The Psychology of Belief, Part 6: Discernment

After reading my last post some might be wondering, How can we know anything about God if all we have are scattered "hints" and "guesses"? Another critique of grounding faith in religious experience is that, in today's American church, religious experience plays into our individualism. That is, after some experience of mine I can use it to trump all other claims upon me. This indeed would lead to deviance. I could divorce my wife or do any number of ills by simply stating that I've discerned, via my private intercourse with God, that "this is God's will." And, since personal autonomy is the ultimate trump card in American society, the claim that I've, privately, discerned that this is "God's will," allows me to walk away from other promises, authorities, or covenants.

So, I see two big problems with elevating religious experience, as I did in my last post:

1.) Coherence
2.) Individualism

Given these concerns I'd like to use this post and next to handle these issues. To start, I want to look at two very important NT stories that bear directly upon the questions I've just raised. In each story we see the church or an individual struggling to discern what God is up to, to find the TRUTH. In each story we see a few things:

1.) A question as to what God is wanting.
2.) A sharing of religious experiences.
3.) An attempt to weave those individual experiences into a more global, more coherent picture (i.e., my experience becomes the community experience and the community experience becomes my experience).
4.) Discernment: A guess or judgement, tentatively proposed, as to what God's will is.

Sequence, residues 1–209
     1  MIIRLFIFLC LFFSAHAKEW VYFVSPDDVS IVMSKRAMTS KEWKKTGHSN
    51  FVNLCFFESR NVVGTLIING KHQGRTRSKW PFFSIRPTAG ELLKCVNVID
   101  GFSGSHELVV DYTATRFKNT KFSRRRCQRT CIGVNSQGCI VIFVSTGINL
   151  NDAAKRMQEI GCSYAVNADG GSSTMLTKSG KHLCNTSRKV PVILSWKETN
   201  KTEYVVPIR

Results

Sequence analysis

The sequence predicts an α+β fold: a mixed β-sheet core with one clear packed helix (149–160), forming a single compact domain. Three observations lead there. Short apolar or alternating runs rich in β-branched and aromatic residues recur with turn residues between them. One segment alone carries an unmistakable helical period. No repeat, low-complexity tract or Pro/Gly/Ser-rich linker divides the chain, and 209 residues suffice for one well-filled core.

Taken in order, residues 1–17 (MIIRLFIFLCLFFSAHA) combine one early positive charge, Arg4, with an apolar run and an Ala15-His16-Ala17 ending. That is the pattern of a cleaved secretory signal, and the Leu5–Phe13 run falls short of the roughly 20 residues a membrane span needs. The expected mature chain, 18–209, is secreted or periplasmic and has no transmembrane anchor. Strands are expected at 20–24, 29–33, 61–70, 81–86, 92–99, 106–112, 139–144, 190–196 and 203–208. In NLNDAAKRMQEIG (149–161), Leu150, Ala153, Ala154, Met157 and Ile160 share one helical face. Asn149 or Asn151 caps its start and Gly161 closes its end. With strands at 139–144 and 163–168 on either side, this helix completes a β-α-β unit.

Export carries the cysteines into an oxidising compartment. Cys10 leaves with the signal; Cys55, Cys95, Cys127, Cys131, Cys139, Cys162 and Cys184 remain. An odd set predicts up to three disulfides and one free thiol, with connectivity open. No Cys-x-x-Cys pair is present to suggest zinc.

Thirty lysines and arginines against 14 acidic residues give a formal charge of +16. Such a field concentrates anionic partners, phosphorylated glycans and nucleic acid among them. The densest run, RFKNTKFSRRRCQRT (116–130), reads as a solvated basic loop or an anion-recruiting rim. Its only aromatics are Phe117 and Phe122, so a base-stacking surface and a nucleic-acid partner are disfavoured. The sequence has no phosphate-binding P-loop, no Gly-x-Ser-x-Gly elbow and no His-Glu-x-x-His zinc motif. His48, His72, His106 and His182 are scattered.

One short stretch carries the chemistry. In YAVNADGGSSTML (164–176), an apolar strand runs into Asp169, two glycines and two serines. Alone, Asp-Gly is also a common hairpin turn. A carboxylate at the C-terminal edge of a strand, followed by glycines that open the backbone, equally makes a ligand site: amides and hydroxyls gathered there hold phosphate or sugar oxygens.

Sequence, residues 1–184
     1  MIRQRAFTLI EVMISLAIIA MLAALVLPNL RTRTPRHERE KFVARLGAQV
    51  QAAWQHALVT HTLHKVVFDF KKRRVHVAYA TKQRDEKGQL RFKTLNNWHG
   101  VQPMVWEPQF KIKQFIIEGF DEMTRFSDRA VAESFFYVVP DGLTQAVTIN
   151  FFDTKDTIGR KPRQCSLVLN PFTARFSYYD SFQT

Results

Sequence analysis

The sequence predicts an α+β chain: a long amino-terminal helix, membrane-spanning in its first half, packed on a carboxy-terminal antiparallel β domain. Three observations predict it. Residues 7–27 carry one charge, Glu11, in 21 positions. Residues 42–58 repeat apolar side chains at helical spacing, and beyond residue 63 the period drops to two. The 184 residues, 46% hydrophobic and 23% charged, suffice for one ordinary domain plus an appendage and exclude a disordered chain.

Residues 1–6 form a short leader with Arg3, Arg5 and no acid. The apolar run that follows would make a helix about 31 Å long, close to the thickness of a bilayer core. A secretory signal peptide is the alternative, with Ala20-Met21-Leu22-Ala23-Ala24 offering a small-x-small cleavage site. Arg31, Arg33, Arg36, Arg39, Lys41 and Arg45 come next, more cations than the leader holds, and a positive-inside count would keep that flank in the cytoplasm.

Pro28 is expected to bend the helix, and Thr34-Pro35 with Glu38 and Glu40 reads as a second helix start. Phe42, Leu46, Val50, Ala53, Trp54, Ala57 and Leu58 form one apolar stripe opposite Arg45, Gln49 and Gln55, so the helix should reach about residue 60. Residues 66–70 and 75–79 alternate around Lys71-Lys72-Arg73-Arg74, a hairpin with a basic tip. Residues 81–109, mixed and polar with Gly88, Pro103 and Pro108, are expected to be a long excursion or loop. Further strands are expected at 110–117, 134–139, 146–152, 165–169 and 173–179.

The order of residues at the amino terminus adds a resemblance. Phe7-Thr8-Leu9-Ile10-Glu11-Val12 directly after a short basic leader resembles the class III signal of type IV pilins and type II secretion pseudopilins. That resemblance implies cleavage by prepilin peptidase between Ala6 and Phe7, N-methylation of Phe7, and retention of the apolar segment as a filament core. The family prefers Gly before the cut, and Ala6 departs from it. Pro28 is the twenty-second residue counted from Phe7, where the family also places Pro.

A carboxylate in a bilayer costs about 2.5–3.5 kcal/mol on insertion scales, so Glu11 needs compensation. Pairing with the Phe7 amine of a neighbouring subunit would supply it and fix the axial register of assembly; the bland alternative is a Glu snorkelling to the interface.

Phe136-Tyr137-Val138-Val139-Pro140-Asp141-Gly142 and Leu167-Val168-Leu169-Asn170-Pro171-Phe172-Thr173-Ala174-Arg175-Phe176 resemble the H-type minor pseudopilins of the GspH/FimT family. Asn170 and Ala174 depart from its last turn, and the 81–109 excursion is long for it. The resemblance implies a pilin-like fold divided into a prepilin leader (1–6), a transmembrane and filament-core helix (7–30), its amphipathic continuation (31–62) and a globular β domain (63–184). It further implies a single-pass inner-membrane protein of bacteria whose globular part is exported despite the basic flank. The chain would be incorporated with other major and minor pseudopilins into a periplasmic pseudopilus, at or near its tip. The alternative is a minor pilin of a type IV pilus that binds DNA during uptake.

In both stories I've changed the look of the text. I've used CAPS to point to areas where there is DISCUSSION, DIALOGUE, DOUBT, DEBATE, QUESTIONING, SHARING, DISCERNING or DECIDING. That is, I want to highlight in these stories how no one, at the start, via their own private encounters with God, is really sure what God's will is. God's will is discovered, in the end, by the communal act of sharing individual experiences to weave a larger story. This is critical in that this act does two things. First, it creates a coherent story out of a hodgepodge of Eliot's "hints" and "guesses." Second, it means that, and this is very, very important, YOU ARE NOT THE BEST INTERPRETER OF YOUR OWN EXPERIENCE. This undermines the individualism in religious experience. All our encounters with God must be placed at the feet of the community. Our experiences must, in a sense, "fit" the larger story. Our individual experiences are only a part of a much larger tapestry (hence my picture for this post).

In these stories I also underline my point from my last post, that religious faith is rooted in an experiential substrate, by putting all references or allusions to religious/mystical experience in [brackets]. My point is to highlight that, at the foundation, faith is an encounter with God that cannot be codified or reduced to propositional truths.

Read the passages below reflecting on these things. Watch how in Acts 15 the church, through sharing religious experiences, discerns God's will. Further, reflecting on last week's posts, notice how their conclusions are tentative and groping. That is, they are feeling their way forward. Notice in Galatians 2, Paul, after numerous mystical encounters with God, wonders if his labors have "been in vain." That is, how can we trust our private experiences with God? Might Paul be fooling himself? Spinning dreams or intuitions or hunches into a religion of his own creation? Notice, therefore, how he has to mingle his experience of the risen Jesus with Peter's, James', and John's experience with Jesus. Are their Jesus' the same? Only after weaving their experiences together do they discern that they are all indeed following the same Lord.

Acts 15: 1-31
Some men came down from Judea to Antioch and were teaching the brothers: "Unless you are circumcised, according to the custom taught by Moses, you cannot be saved." This brought Paul and Barnabas into sharp DISPUTE and DEBATE with them. So Paul and Barnabas were appointed, along with some other believers, to go up to Jerusalem to see the apostles and elders about this QUESTION. The church sent them on their way, and as they traveled through Phoenicia and Samaria, they told how the Gentiles had been converted. This news made all the brothers very glad. When they came to Jerusalem, they were welcomed by the church and the apostles and elders, to whom they REPORTED everything God had done through them.